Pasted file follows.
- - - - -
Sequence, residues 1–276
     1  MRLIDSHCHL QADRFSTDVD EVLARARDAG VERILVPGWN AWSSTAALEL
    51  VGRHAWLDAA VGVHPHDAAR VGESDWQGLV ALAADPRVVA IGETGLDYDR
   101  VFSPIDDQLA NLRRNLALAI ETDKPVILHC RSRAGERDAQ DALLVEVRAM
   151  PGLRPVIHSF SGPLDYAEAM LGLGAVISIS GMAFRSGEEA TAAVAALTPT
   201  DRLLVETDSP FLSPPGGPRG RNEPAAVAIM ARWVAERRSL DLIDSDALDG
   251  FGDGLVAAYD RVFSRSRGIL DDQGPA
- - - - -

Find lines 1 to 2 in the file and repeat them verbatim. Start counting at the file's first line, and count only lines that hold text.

Sequence, residues 1–276
     1  MRLIDSHCHL QADRFSTDVD EVLARARDAG VERILVPGWN AWSSTAALEL